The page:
Paul Ridout’s comments were featured in the July Issue of Charity Times.
For most trustees, the annual report can feel like one of the most painstaking parts of the job. Its primary role is to demonstrate to the Charity Commission that the charity has fulfilled the legal duties expected of it. Except the reality is that it is far more than a piece of official paperwork. Annual reports are also an opportunity for charities to demonstrate impact – not just to the Charity Commission, but to donors and the wider public, too.
Paul Ridout, partner at Hunters Law commented:
“It is hard to measure the effect of improved reporting by charities on the voluntary income they receive. It’s an increasingly competitive process to win new donors and to retain their loyalty, and a loyal donor may have been supporting a charity for many years already. Having said that, effective reporting sustains the interest of existing donors.
“Take the example of the local wildlife trust that I support: I pay a monthly amount and receive reports that combine feedback about what the trust has done with appeals for current and future projects. I get a clear picture of what the organisation can achieve with the money I provide, which makes me feel that my contribution makes a difference, and a sense of what the trust can achieve if I were to increase my monthly payment.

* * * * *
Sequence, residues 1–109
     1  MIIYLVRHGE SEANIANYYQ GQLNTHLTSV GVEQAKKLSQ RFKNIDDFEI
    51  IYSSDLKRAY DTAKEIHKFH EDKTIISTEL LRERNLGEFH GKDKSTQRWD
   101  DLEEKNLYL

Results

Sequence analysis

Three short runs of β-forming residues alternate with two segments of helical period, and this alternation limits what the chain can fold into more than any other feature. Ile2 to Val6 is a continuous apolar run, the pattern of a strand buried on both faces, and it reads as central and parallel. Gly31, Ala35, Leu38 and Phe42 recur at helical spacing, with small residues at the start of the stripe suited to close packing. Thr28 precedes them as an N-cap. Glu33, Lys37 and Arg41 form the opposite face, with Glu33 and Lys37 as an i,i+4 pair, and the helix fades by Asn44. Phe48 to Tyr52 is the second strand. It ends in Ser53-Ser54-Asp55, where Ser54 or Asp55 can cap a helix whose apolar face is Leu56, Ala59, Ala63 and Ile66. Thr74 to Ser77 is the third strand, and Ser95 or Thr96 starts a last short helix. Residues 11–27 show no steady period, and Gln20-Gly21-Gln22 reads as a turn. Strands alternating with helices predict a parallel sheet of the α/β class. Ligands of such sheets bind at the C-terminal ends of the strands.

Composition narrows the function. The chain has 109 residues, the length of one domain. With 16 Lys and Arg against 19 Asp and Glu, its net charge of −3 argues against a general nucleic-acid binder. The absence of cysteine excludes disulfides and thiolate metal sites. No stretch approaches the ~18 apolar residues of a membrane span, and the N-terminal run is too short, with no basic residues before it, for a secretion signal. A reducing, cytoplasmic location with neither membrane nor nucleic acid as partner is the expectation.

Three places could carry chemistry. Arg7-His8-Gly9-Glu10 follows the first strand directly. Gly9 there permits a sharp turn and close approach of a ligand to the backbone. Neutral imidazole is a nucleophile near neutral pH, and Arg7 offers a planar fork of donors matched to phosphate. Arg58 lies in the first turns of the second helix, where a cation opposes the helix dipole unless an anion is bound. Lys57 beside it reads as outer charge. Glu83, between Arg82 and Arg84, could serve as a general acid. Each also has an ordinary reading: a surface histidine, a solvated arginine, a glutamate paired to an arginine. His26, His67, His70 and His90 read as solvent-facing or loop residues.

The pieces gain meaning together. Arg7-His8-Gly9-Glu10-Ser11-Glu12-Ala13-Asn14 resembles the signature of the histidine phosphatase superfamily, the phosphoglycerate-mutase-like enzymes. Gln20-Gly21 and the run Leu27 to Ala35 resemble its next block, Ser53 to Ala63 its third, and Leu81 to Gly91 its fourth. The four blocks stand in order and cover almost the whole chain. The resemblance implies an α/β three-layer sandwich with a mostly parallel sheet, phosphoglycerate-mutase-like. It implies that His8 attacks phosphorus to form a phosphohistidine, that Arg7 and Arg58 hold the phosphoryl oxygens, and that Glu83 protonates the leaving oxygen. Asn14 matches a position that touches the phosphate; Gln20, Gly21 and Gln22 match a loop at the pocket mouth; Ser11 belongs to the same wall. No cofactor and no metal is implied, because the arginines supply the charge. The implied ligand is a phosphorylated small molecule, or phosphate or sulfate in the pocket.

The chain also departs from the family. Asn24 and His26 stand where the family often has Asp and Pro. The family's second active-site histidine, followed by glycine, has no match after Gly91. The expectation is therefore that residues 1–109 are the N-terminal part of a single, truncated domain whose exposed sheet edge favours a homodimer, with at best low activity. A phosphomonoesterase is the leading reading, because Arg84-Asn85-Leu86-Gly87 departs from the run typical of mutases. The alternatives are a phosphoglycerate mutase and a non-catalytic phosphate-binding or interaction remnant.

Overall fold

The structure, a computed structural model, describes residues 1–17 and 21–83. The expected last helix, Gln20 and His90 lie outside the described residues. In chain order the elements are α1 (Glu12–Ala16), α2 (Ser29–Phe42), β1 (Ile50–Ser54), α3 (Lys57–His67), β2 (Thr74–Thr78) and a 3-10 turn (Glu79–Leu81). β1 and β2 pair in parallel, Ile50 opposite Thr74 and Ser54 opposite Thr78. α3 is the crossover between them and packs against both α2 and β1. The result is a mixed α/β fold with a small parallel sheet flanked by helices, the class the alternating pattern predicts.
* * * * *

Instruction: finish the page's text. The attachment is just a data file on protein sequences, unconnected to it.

“Or look at an annual report from Great Ormond Street Hospital Children’s Charity, which provides a mixture of personal stories, information about new treatments that are being supported by the charity, details of the charity’s welfare work as well as the usual financial reporting. If you compare that approach with the dry, bare bones reporting that charities used to provide just to comply with their legal obligations, you will see how charities have converted what might once have been a regulatory compliance chore into a vital tool in engaging with funders.
“Effective impact reporting can help charities to secure funding. Funders are answerable for the use of the funds they provide, and they may be under a duty to demonstrate public benefit, so they are looking for more than just confirmation that the money has been spent. They also like to be thanked in a meaningful way, and to know that they have made a difference.
“Funders can prompt the charities they support to take time to think afresh about their mission and to consider how effectively (or otherwise) the activity in question is actually achieving the intended outcomes for beneficiaries and society.
“A good impact report not only tells funders and others about how the charity has changed lives but also helps to identify what more is needed
“Reporting affects decisions about renewing funding. It can also inform public debate about social issues: poverty in the UK is an example of this, where qualitative reporting is making a big difference to public understanding of the impact of increasing prices.”